Crypto Exchange Patent for Winklevoss Bros

A company owned by Cameron and Tyler Winklevoss, founders of the Gemini cryptocurrency exchange, has been granted a patent for a system that seeks to improve the security of digital transactions.
The patent reward is notable as it provides a glimpse into the Winklevoss brothers’ continuing efforts to push forward the trading of cryptocurrency-related ETFs after having met hurdles from U.S. regulators.
This system uses a combination of common cryptographic techniques, including hash functions and digital signatures.

As the sentiment of major investment firms begins to shift, the demand for derivative-based cryptocurrency investments has seen rapid growth. Pushing further into Wall Street, Gemini founders Tyler and Cameron Winklevoss secure a patent for the first-ever cryptocurrency Exchange Traded Product (ETP).

The Winklevoss’s Investment in Bitcoin
In 2013, the Winklevoss twins became well-known for their $11 million investment into Bitcoin and have since been deeply involved in the world of cryptocurrency trading a later founding cryptocurrency exchange Gemini in 2015.

Details of the Patent
The approval of the patent application allows Winklevoss IP, a company owned by the Winklevoss brothers, to settle exchange-traded products (ETPs) holding cryptocurrencies on national securities exchanges.
An ETP is a type of security that is priced based on the derived value of other investment instruments such as commodities, stocks, or in this case, cryptocurrencies.
More specifically, Goldman Sachs and the NYSE as parent company have just recently announced plans to open digital assets trading desks as an indication of a radical shift in perception regarding cryptocurrency.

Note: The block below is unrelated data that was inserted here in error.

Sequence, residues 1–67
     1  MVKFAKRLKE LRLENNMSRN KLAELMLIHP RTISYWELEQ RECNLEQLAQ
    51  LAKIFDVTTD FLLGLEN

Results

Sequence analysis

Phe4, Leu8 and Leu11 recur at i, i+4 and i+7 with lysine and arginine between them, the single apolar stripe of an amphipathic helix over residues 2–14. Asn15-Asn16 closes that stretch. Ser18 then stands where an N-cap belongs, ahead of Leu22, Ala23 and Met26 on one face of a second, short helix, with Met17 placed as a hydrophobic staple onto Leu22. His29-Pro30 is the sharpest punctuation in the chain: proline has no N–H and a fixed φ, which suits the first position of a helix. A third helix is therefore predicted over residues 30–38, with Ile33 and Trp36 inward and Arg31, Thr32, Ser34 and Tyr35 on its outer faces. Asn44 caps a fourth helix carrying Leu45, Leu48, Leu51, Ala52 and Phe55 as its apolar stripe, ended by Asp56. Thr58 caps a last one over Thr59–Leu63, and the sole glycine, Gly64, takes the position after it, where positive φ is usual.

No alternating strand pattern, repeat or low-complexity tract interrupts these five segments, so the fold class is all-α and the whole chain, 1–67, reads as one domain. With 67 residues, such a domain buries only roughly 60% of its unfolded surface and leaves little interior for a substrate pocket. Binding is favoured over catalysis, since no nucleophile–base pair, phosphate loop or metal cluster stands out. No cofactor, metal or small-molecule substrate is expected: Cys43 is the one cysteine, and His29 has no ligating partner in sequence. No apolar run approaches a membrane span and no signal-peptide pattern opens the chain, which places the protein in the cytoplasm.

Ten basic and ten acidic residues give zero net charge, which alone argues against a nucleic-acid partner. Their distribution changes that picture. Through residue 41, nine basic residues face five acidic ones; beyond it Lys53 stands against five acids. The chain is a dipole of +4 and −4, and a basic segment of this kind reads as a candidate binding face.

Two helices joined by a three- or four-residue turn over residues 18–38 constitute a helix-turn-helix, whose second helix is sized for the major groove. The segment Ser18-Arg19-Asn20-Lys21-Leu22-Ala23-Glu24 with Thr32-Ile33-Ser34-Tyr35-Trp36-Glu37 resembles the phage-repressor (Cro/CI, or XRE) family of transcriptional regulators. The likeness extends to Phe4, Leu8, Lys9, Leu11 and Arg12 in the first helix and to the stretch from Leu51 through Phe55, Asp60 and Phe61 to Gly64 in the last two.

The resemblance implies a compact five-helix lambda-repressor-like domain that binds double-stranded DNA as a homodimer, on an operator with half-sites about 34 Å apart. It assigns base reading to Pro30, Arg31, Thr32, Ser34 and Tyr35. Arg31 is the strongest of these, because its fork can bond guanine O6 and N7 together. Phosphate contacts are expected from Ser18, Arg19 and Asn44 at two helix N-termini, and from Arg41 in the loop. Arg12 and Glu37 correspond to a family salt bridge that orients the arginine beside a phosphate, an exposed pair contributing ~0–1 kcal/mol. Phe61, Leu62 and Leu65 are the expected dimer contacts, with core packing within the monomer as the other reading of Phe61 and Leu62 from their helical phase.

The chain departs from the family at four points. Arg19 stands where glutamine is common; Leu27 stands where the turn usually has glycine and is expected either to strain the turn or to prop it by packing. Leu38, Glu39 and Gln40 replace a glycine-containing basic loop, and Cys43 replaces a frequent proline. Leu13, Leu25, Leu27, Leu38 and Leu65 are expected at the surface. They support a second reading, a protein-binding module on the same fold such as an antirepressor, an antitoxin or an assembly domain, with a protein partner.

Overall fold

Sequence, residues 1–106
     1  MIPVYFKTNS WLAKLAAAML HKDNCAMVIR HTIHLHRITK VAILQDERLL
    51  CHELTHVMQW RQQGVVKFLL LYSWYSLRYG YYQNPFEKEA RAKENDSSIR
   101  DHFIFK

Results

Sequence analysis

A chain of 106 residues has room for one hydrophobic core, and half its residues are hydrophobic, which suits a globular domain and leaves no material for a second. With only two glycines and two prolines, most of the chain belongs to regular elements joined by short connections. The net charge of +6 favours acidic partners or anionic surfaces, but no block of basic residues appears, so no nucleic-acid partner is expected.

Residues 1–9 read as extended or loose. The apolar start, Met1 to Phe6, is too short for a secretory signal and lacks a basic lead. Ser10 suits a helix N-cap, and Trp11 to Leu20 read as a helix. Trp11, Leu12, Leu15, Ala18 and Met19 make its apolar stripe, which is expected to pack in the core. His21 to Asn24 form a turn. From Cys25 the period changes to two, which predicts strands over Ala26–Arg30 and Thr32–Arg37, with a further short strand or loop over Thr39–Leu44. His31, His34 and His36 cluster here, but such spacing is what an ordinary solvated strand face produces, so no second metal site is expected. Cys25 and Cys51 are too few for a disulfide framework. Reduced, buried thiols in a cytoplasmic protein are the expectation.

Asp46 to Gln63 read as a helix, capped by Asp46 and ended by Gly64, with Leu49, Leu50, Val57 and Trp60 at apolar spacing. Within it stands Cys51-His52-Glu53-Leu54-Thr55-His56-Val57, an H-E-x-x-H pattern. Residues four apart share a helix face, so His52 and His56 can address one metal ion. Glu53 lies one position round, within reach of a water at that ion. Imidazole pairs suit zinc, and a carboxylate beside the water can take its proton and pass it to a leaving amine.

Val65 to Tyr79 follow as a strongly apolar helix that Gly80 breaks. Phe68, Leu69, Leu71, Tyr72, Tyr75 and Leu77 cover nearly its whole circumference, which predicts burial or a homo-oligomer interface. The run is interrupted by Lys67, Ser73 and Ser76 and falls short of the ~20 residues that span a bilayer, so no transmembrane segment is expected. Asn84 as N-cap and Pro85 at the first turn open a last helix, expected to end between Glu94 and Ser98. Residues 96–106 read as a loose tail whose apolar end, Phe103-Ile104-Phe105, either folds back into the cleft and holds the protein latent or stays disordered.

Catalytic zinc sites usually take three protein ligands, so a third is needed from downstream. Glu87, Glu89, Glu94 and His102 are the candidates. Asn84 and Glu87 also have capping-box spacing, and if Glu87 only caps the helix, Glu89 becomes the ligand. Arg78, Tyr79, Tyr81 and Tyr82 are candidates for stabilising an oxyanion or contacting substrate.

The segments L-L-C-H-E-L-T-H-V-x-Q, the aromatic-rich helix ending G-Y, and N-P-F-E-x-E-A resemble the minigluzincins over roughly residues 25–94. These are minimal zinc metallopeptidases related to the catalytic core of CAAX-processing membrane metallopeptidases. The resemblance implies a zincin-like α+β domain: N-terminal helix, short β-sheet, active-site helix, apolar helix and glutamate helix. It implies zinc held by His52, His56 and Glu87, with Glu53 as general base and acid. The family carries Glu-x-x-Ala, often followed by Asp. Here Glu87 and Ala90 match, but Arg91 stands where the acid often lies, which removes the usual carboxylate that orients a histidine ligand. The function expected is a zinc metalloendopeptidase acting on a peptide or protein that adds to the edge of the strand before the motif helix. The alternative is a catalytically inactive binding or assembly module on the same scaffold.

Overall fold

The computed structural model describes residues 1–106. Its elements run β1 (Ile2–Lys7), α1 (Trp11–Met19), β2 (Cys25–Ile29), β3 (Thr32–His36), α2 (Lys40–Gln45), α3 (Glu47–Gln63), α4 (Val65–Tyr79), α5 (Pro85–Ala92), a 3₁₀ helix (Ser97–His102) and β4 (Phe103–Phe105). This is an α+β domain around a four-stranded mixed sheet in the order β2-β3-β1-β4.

The Winklevoss twins have secured five patents this year alone, with the most recent of which being related to improving the security of cryptocurrency transactions on the Gemini exchange.
According to Justia, the patent is outlined as Systems, methods, and program products for use with ETPs holding digital assets, including digital math-based assets, such as bitcoins, Namecoins, Litecoins Ripple, Dogecoins Ether.

Better to join Wall Street as it can’t be beaten:
In March 2017, the SEC disapproved the Winklevoss application for a Bitcoin-derived Exchange Traded Fund (ETF), the most popular type of ETP. At the time, too much uncertainty existed surrounding digital asset regulations, and skepticism surrounding cryptocurrencies was high.
Explaining their rejection of the Bitcoin ETF, the SEC described two requirements that the Winklevoss proposal failed to meet:
Firstly, whatever exchange is taking place on that commodity should be within the surveillance sharing agreements with all the significant markets where the particular derivatives or commodities are to trade. Secondly, all those market should be under regulations.
The SEC has not yet approved any crypto ETFs, but it is clear that major investment firms are changing sentiment with the arrival of unprecedented digital assets trading at the institutional level.